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Will NFC East Cause Another Change to NFL Playoff Seeding Rules?

The NFC East is in position to make history in 2020 and not for a good reason. With the real possibility that a team could take the division with a 6-10 record, could this finally force the NFL to rethink its rules about playoff seeding?

We’re already going to see a new playoff format this season with the inclusion of a third playoff team. There will now be six games on Wild Card weekend and only the top team from each conference will enjoy a 1st-round bye.

This change will mollify some complaints about a team with a superior record losing a playoff spot to a division winner. But still, 2020 has the potential to keep that debate going if the Cowboys, Eagles, Giants, or Football Team don’t go on a late-season hot streak.

Dallas, New York, and Washington would have to win out the final six weeks just to get to 9-7. Philadelphia can get to 9-6-1 at best, but none of these seem likely based on what we’ve seen from all four teams so far.

Only twice in standard seasons (not counting the 1982 strike-shortened year) have losing teams made the playoffs. The 2010 Seattle Seahakws won their division at 7-9 and the 2014 Carolina Panthers did it at 7-8-1.

Both instances caused discussion about whether or not division winners with losing records deserved automatic playoff bids and/or home games in the 1st round. And if this year’s NFC East Champion comes in at six wins or less, that debate is guaranteed to return and be more intense than ever.

Ezekiel Elliott, Eagles

The current NFL standings going into Week 12 have the 5-5 Chicago Bears as the 8th team in the standings; the team who would be denied a playoff spot if the season ended today. If Chicago or whoever finishes 8th in the conference doesn’t have a winning record themselves then it might cool the conversation a little.

Still, even if the Bears are only 8-8 that’s still better than a potential 6-10 or 7-9 winner from the NFC East. The cause for complaint still exists.

The issue for the NFL is that you can’t make division championships irrelevant, otherwise you make divisions and the rivalries within them meaningless. And two of the biggest drivers for interest weekly for the NFL are team rivalries and the high stakes of division games.

An exception I’d consider to this, though, is if the team missing the playoffs had a head-to-head victory over the division winner with a worse record.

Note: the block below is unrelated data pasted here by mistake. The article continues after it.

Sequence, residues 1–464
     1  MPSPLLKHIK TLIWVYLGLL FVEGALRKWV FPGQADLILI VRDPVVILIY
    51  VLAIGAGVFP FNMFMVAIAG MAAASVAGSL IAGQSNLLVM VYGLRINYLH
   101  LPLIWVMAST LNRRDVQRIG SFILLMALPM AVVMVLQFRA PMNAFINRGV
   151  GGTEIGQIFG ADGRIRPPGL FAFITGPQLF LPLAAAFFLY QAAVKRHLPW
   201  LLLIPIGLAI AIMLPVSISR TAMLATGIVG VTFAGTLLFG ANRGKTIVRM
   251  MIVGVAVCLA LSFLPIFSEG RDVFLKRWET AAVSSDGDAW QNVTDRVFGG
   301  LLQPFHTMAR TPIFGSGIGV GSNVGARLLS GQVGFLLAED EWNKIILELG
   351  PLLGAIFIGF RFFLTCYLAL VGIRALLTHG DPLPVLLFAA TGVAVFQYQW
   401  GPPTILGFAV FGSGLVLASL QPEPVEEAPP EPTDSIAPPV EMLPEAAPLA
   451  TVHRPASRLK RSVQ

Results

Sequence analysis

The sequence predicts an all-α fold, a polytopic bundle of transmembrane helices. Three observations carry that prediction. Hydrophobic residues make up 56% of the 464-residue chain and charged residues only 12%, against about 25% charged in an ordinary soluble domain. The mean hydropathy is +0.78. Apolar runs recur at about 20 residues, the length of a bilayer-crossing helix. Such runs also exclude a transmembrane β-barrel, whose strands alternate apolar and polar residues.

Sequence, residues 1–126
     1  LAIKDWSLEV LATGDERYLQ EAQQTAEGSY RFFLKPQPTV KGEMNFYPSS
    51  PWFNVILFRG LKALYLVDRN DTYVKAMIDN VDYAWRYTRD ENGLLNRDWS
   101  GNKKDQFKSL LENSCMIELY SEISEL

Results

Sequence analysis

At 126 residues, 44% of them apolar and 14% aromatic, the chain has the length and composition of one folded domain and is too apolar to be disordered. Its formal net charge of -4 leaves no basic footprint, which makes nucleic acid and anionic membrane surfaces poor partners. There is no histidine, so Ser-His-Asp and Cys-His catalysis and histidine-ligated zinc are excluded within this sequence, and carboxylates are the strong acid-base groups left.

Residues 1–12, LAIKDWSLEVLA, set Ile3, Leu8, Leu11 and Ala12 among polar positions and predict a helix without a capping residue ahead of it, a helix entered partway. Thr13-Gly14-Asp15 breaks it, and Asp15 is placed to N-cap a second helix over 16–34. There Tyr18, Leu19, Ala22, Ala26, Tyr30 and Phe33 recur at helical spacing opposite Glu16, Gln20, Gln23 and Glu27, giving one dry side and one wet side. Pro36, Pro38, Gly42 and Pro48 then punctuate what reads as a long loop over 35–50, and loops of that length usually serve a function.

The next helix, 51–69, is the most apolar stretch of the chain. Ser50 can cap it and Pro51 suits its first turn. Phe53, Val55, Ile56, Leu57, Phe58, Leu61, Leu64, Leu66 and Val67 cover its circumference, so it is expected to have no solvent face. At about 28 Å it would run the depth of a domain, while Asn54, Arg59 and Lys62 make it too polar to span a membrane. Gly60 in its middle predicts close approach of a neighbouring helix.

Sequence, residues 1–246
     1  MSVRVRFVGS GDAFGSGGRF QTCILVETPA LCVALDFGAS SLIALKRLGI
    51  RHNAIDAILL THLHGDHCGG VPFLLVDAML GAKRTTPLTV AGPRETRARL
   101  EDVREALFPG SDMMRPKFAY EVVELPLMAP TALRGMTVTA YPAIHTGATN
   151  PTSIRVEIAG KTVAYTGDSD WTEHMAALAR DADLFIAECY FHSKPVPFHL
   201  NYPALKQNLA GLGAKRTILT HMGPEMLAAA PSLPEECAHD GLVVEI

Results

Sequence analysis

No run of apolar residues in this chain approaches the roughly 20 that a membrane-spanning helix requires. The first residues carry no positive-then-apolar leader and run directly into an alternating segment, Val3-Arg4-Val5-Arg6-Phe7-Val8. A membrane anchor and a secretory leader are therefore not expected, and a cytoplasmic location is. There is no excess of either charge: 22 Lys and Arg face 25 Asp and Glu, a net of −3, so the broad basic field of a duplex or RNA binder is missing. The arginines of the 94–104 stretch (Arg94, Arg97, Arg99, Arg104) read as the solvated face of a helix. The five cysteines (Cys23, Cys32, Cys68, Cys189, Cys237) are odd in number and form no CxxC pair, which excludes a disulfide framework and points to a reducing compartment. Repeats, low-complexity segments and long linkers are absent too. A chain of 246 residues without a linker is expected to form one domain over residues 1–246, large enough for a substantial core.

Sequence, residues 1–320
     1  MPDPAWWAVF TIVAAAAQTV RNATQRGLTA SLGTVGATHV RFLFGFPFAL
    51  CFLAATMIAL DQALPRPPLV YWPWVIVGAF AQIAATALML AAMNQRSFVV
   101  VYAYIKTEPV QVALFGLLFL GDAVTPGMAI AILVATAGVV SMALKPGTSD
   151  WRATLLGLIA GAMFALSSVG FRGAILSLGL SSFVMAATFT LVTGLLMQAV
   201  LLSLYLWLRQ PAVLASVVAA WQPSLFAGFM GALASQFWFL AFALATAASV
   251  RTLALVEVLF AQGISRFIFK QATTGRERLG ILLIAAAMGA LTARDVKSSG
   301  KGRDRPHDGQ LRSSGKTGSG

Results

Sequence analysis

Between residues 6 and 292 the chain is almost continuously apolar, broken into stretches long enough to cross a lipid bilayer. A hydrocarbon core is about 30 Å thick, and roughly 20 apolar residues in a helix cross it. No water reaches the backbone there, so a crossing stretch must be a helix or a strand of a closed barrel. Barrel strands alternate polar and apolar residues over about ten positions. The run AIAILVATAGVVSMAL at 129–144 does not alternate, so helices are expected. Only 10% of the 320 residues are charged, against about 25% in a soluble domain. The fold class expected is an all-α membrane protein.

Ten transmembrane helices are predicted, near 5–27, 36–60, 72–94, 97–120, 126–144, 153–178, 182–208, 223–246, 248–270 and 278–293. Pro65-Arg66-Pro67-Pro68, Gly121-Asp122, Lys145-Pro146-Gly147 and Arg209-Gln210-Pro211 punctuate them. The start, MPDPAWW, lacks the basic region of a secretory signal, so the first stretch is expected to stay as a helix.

For example, the Bears defeated the Giants back in Week 2. If the Giants were to wind up winning the NFC East but had a worse overall record than Chicago, I could see them forfeiting their playoff spot in that scenario (but only if New York actually had a losing record overall).

One far more simple change I think may come from this, and should, is that the division winner is ONLY guaranteed a playoff spot. That’s more than enough reward and preserves the integrity of the division system.

Hosting a game in the first round or any round of the playoffs should depend entirely on overall record and subsequent tiebreakers. If two teams have the same overall record then give the nod to a division winner over a wild card team, but otherwise the team that performed better in the regular season should get the home game.

Again, there are still six weeks to go and the final playoff picture is far from clear. Maybe someone form the NFC East will indeed get hot and take this topic off the table.

But based on the current trajectories of all parties involved, I have a feeling we’ll be coming back to this discussion with renewed vigor once the 2020 playoffs begin.

What do you think?

Jess Haynie

Written by Jess Haynie

Cowboys fan since 1992, blogger since 2011. Bringing you the objectivity of an outside perspective with the passion of a die-hard fan. I love to talk to my readers, so please comment on any article and I'll be sure to respond!

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  1. As a Bears fan, do we really deserve a spot in the playoffs? Sure, we deserve it more than any NFC East team, but do we really deserve a playoff spot? If a 10-6 team got robbed of a playoff spot, then there is reason for controversy (I think the Bears could go 10-6, but 9-7 is probably more likely).

  2. I think people need to remember, that the NFC East is the only division, that went through three regime changes, during a pandemic, with no OTA’s, or preseason. The Eagles are the only divisional team, that had continuity from the previous seasons. There is no excuse for their struggles. It seems Dallas and Giants are now competing at a high level, with the better teams in the league. So, the answer is no. This season needs to be treated as the anomaly it is. The only way to resolve the losing-record teams, making the playoffs over winning-record teams, is dissolving division play. Incorporate a few more tie-breaker scenarios and make it only conference play. Each team plays 8 teams in their conference and 8 teams in the corresponding conference. Now that there is so much parity in the NFL, it should work its way out evenly.